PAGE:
This week’s post is from our friend Chef Elianna Friedman, Executive Director and Co-Founder of Bay Leaf Kitchen.
Every Holiday season my mother, brother, sister and I made enough latkes for all of us to take to school and share with everyone. As young children we had easier tasks such as washing potatoes and measuring out dry ingredients, but as we got older we took over slicing, grating and frying. To this day, frying is my favorite part of the latke making process. Being a chef in the Bay Area, I wanted to find a way to add a seasonal winter squash to the mix and get it to crisp up like potatoes. It turns out that adding grated acorn squash to the potatoes is delicious and keeps the traditional latke texture.
Please enjoy with your family of all ages.
- 3 tablespoons flour
- 1 tablespoon Kosher salt
- 1 dash freshly grated pepper
- 2 large eggs
- 1 acorn squash, peeled and grated (approximately 1 cup)
- 3 medium potatoes (Russets work well), grated
- 1 large yellow onion, grated
- Vegetable oil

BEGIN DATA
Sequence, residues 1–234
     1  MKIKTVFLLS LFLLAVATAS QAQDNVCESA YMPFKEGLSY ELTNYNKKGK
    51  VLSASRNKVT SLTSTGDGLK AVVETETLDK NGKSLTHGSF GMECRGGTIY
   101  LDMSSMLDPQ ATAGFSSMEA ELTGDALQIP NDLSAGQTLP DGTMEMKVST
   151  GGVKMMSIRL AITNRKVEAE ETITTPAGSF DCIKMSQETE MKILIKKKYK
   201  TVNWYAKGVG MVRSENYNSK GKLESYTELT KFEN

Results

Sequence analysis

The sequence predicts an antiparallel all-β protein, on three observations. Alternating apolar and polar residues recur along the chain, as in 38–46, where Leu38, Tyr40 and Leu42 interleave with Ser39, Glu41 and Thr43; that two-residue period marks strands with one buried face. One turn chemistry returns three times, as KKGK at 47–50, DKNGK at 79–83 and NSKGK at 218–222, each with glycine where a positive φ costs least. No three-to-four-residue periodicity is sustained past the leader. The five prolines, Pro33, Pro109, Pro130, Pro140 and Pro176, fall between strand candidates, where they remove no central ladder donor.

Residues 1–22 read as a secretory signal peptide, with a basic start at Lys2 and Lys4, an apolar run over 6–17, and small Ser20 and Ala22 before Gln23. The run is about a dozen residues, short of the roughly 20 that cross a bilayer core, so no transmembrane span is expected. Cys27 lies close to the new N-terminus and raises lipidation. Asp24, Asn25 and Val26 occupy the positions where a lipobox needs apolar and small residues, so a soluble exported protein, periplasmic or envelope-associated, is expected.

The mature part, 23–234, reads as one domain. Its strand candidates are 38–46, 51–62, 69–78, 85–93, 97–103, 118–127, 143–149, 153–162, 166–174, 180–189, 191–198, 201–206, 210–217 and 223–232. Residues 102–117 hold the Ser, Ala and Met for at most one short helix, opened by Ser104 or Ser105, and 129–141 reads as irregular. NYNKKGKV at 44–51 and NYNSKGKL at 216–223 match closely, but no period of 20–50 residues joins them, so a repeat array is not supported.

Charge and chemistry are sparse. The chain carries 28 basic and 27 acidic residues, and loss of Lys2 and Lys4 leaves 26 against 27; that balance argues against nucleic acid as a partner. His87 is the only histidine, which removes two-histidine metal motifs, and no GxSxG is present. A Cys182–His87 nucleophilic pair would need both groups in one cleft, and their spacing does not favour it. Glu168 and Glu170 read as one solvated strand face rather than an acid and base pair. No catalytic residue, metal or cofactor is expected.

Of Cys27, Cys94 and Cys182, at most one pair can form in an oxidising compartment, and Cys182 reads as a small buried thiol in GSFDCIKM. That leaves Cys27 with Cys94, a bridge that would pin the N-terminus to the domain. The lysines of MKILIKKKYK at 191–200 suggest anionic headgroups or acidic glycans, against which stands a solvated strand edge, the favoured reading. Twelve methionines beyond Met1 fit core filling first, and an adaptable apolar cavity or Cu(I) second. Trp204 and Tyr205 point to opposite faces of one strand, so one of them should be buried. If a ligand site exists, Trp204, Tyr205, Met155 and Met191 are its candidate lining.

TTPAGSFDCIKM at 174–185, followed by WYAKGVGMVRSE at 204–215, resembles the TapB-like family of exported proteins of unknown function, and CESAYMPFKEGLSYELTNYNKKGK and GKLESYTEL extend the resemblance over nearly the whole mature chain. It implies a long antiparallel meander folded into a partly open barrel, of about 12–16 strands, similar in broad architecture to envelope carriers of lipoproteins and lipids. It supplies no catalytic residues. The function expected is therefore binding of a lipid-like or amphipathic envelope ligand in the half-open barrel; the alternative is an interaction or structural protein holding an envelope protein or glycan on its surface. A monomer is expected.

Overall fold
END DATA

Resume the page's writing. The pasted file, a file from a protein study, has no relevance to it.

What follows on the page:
- Mix the flour, salt, and pepper in a small bowl. Crack the eggs in another bowl and whisk with a fork.
- Peel the acorn squash, cut and scoop out the seeds, and grate the flesh in a food processor.
- Next, quarter the potatoes and onions; then also grate them together in food processor.
- Add the flour mixture and eggs to the grated mixture and mix well. From this step forward, it is important to move quickly so that the potatoes don’t turn brown from oxidation.
- Add some vegetable oil to a frying pan and set on medium heat. When the oil is hot, drop the mixture by spoonfuls into the pan, turning when brown on one side, then brown the other side. Transfer to paper towels or paper bags to drain the oil (paper bags work well when working in bulk).
- Serve immediately with apple sauce or sour cream. Acorn Squash Latkes can also be frozen in single layers separated by wax paper after they have cooled. To reheat, preheat the oven to 375˚F for 10 minutes and cook until the latkes sizzle.
- Tip: Open your kitchen windows, so that your house doesn’t stink up when you begin to fry.
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